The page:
Photographing a Hot Air Balloon Fair
A Photographer's Dream Come True
As a photographer I have long wanted to photograph a hot air balloon up close. They are huge and colorful and I find them fascinating but I have never been up close to one or in a position to take photographs. To my delight, my long standing wish became a reality a few weeks ago when I had occasion to visit the Montague Balloon Fair in northern California. Read on and I'll tell you what I learned about hot air balloons and show you what I saw as I stood in the midst of these ascending colorful giants.
All photographs are mine.
Up Early To Not Miss a Thing
I had long been aware that the small town of Montague in northern California had an annual balloon fair but I have never happened to be in the area during the event. This September when I was in the northern California I heard about the balloon fair on the radio and was directed to the Montague Balloon Fair website. I was delighted to find the fair would be taking place while I was still in the area. The website told me that the balloons would ascend at dawn and that coffee and donuts would be available starting at 5:30 A.M.. I wanted to be there to see it all so I got up at 4:30 A.M. to be in position with camera in hand when things started to happen. The availability of coffee at 5:30 A.M. was an encouragement but I don't do donuts. I was a cop for some 34 years so I apologize if I have shattered your "cops and donuts" stereotype.
When I got there it was pitch dark but the sky was filled with stars and I could even see the Milky Way. The lady directing parking turned out to be a friend of mine from my youth and she's even mentioned in my book, Life At The End Of A Dirt Road which you can read about here on Hub Pages. It was too dark to take pictures so we had a nice chat while waiting for the sun to appear.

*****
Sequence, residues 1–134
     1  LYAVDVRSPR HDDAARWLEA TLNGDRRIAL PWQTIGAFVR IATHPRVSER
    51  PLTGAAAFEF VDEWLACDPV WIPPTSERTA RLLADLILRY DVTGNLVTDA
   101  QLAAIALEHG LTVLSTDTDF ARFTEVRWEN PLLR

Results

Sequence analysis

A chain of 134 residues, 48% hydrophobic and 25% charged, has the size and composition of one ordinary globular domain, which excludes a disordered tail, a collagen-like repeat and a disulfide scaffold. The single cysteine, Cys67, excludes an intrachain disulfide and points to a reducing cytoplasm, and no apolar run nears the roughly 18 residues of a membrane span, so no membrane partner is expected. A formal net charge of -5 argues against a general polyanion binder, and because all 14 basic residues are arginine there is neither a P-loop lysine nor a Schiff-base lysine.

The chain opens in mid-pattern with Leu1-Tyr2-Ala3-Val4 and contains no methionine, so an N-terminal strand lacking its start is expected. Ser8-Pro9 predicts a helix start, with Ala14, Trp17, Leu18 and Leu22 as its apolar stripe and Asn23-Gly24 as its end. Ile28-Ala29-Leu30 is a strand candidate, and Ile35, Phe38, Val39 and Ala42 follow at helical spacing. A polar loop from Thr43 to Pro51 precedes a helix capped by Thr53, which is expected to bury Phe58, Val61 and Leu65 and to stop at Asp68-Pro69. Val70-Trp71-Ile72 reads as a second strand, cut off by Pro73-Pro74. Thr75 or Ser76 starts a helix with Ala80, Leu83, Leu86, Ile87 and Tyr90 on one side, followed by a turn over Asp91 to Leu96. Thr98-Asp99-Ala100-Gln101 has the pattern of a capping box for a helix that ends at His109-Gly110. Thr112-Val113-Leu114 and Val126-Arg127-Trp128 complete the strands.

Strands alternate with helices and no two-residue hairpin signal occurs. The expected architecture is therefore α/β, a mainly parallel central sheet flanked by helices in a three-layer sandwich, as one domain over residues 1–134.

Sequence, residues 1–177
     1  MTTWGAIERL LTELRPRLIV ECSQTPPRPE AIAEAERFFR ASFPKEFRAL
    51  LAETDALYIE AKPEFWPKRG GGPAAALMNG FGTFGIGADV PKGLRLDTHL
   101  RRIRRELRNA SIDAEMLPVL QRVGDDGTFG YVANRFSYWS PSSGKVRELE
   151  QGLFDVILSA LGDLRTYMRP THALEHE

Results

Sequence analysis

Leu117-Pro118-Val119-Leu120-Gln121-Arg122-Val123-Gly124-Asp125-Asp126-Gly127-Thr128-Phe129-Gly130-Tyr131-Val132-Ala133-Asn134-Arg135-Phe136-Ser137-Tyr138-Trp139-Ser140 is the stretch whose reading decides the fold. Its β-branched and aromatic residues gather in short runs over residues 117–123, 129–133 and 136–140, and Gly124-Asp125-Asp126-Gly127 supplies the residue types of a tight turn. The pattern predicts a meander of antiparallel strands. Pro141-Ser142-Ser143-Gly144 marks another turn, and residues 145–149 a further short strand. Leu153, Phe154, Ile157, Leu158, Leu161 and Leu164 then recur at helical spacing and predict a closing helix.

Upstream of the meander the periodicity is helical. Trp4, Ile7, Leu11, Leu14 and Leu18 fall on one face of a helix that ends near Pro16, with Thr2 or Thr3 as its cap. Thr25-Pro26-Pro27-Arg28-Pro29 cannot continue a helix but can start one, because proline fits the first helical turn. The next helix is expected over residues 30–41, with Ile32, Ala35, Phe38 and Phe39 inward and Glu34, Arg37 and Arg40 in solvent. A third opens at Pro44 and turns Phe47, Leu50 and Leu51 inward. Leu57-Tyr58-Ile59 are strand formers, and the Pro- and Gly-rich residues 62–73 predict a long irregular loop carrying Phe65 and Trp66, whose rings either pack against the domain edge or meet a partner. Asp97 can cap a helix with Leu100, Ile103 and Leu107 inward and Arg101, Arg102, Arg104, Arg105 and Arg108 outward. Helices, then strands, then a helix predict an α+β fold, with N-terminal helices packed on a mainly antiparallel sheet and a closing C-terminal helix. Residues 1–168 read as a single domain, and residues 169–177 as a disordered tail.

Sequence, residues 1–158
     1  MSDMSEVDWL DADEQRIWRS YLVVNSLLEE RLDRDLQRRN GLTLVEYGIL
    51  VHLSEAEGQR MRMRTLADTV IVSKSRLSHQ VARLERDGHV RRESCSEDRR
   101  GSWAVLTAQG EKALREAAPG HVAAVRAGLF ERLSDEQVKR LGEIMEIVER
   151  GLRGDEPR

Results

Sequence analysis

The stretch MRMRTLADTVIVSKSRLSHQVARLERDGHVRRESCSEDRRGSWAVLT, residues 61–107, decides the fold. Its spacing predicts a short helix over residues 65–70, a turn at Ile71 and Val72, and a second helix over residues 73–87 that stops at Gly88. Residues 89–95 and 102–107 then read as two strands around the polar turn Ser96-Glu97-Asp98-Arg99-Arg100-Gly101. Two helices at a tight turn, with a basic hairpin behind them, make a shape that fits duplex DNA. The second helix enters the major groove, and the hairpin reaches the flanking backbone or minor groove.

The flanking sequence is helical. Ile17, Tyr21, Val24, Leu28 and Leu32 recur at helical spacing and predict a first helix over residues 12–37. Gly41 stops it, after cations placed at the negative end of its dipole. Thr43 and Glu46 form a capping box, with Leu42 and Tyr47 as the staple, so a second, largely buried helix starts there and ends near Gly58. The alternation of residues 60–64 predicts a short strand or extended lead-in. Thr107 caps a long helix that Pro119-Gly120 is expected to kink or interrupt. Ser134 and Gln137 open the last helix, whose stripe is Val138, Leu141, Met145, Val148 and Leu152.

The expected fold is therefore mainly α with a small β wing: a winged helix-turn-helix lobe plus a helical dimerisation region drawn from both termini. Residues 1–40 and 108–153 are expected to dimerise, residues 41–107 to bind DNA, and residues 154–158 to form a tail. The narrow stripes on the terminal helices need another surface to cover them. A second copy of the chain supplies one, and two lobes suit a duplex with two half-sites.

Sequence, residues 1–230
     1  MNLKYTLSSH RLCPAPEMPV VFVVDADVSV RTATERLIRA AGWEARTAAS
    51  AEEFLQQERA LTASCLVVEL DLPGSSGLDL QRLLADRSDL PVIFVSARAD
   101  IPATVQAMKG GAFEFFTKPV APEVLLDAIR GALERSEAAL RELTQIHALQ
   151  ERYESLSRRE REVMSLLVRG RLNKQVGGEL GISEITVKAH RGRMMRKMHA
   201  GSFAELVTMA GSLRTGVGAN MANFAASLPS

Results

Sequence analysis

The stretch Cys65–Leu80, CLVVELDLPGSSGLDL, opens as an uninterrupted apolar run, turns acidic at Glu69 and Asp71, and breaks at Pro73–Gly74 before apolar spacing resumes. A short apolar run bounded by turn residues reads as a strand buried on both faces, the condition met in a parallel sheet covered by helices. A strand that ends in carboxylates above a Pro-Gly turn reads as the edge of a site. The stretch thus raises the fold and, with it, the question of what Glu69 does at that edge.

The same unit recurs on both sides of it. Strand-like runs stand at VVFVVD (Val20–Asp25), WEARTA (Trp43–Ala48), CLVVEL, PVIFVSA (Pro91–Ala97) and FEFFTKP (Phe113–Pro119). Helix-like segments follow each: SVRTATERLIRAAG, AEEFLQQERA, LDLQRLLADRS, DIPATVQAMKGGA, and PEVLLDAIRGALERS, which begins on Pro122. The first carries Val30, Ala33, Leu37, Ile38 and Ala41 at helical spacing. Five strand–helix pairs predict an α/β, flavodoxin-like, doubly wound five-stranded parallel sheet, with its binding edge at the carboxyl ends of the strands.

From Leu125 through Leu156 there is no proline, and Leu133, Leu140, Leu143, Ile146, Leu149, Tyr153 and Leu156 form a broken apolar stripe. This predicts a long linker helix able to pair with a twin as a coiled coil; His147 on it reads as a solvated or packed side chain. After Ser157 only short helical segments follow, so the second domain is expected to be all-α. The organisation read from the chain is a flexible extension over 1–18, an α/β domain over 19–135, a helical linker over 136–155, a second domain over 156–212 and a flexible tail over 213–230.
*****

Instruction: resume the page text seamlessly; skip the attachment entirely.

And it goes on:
My tip to photographers is to get there early to be able to capture the event from the start.
Get A Good Camera To Document Your Balloon Experience - Amazon has good cameras at great prices
Have You Ever Gone Up In A Hot Air Balloon?
Action Begins At Dawn
As dawn was breaking the balloonists began to appear and I was able to watch and photograph the entire process. In the image above you can see that a tarp was laid out on the ground and the deflated balloon was stretched out on top of the tarp.
Inflating The Balloon
A powerful fan is used to begin inflating the balloon. The opening at the bottom of the balloon is held open and the fan blows air into the balloon to begin inflation. In the picture above you can see the fan beginning to inflate the balloon.
Here you can see the balloon still on its side but filling with air blown by the fan.
Add Some Heat
When the balloon is filled to a certain size by the fan, the fan is removed and the balloon's propane burner which is attached to the basket which is on its side, shoots a hot flame filling the balloon with hot air. With hot air going into the balloon it begins to rise from its side. Hot air rises because it is lighter than cool air. When a balloon is filled with air that is warmer than the surrounding air the balloon rises. When warm air is initially added, care is taken to not add too much. The objective is to get the balloon to stand upright but not to rise off the ground until all is ready and passengers are on board. In the image above you can see the burner filling the balloon with hot air as it begins to rise from its side.